Brown's promise is on
SONGS FOR A NEW WORLD
The Church at
Queen St. E.,
One of the merits of Parade, the short-lived New York show that was
Livent's last book musical, was that it gave a platform to a new young
composer-lyricist, Jason Robert Brown. Brown was known previously
only for an even shorter-lived but well-noted off-Broadway piece, Songs
for a New World.
A talented and enterprising new company called Color
and Light gave it a 10-day showing in Toronto; it closed
on Saturday but should be brought back. It was a
promising work when new; there is now the added
interest that its promise has been fulfilled.
Brown's writing was to take a great step forward in
Parade, partly because that musical's fable of injustice in
the Deep South gave him a solid narrative springboard. In
Songs from a New World he has to create story,
characters and social setting all by himself; and to do it
afresh, 16 times over. The show is one of those staged
song-cycles in which previously unperformed composers
show off their existing wares and try to impose a theme on
The masters of this form are the team of Richard Maltby
Jr. and David Shire, whose anthology-revues are major
influences here. (Their best-known show, Starting Here
Starting Now, actually includes a song called New World
Coming.) The predominant tone of the genre is optimistic
urban angst; characters bitch and kvetch and fall very
self-consciously in and out of love, but they do so to
bracing musical rhythms that at least suggest that life
might be worth living, and at the end of the evening they
come right out in a soaring chorale and admit it.
Brown's lyrics don't have the observant wit of Maltby's,
and his music doesn't surge like the best of Shire, but he
upholds that wryly intense Manhattan perspective. When
a character sings, I'm Not Afraid of Anything you know
that she is terrified of everything.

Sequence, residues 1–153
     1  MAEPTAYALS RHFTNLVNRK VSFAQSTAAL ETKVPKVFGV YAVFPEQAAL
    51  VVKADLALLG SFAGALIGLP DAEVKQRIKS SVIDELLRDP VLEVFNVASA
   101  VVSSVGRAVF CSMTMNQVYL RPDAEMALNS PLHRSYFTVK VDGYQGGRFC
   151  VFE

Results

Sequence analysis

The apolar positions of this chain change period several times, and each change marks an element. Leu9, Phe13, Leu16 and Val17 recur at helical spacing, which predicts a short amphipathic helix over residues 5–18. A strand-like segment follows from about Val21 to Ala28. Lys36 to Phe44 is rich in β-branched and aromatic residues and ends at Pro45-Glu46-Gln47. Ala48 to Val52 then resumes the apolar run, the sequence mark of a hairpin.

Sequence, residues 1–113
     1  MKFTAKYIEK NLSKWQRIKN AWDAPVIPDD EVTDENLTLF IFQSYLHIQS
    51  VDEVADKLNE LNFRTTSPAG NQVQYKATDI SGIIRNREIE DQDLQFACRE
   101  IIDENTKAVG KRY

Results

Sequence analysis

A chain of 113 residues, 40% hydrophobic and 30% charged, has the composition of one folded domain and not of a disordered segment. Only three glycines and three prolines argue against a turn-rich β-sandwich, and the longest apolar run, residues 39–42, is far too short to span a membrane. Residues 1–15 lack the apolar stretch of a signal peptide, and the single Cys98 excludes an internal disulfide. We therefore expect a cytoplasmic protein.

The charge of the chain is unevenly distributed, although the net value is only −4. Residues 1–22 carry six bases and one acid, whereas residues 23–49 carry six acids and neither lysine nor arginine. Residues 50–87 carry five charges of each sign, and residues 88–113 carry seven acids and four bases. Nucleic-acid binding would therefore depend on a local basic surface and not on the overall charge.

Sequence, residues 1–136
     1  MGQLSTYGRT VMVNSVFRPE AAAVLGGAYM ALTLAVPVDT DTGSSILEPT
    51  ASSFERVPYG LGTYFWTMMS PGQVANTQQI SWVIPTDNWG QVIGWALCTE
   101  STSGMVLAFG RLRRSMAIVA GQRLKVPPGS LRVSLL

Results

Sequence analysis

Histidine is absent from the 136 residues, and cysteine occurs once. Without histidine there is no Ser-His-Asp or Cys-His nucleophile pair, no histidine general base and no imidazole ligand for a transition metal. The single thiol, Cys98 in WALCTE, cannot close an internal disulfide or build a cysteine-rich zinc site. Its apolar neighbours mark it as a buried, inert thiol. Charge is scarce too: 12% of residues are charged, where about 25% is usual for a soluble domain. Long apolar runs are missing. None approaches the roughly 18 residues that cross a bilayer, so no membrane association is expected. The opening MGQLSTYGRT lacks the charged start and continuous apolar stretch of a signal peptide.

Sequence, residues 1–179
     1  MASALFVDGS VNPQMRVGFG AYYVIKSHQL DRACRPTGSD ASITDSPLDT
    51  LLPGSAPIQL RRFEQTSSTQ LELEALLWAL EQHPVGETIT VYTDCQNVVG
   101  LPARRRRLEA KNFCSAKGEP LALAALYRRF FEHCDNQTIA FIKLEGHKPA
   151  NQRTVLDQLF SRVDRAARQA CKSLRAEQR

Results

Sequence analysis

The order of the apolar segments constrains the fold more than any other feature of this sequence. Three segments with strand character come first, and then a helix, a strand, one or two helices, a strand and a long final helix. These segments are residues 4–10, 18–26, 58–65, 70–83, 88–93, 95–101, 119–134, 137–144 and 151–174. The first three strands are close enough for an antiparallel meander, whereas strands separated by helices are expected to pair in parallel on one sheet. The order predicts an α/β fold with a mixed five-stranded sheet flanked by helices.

I suppose that musicals have always gone in for uplift, but
once upon a time, when audiences were told to lift up
their heads and shout because there was going to be a
great day, people took the pronouncement for granted. It
was just one of those things; anything went.
In recent decades solemnity has skyrocketed, even -- or
especially -- in romantic songs. Love has become less an
emotion than a cause. Rock, folk and country -- all simple,
didactic forms -- have had their effect on the younger
composers, and Brown certainly bears the marks. His
best single number here is The River Won't Flow, a sort of
anti-gospel song: a rant against failure that's more
invigorating than most odes to success.
The new world he contemplates seems at times to be a
brave psychic landscape that we might all inhabit if we
thought positively; at other more sobering moments it's the
actual United States. We start with a song about
Columbus, desperately praying; and even after we've
plunged into the present we're liable to return to the War
of Independence, where a potential battle widow is
desperately sewing flags.
Though I had enjoyed some of the songs on CD, I was
unprepared for how well they worked in the theatre. There
is movement here both within and between the
characters, and Tim Fort's staging brought it subtly but
forcefully home. Dancing was minimal but neat, singing
excellent, vocal harmonies especially rich as, in this kind
of small-band show, they need to be. The cast boasted
one of the best actress-singers in Canada in Tracy
Michailidis, a performer with genuine poise and presence
of whom I certainly want to see more. She both began and
ended the show by making a grave entrance carrying a
presumably symbolic lantern, and it seemed fitting that
she was the only one in the cast who got to hold a candle.
Sharron Matthews specialized in songs about
materialistic ladies who come to bad ends. She stops the
show with Surabaya Santa, Mrs. Claus bewailing her
left-alone lot after the style of Brecht and Weill; the lyric
isn't as witty as it should be but the idea and the
performance carried it.
The men, Thom Allison and Jason Knight, were less
distinctive, though Allison mustered a tingling falsetto. A
final word for Brown's rhymes, which are unshowily good,
and nail his points down. Here at least he's a
traditionalist, and in the best way.
songs for a new world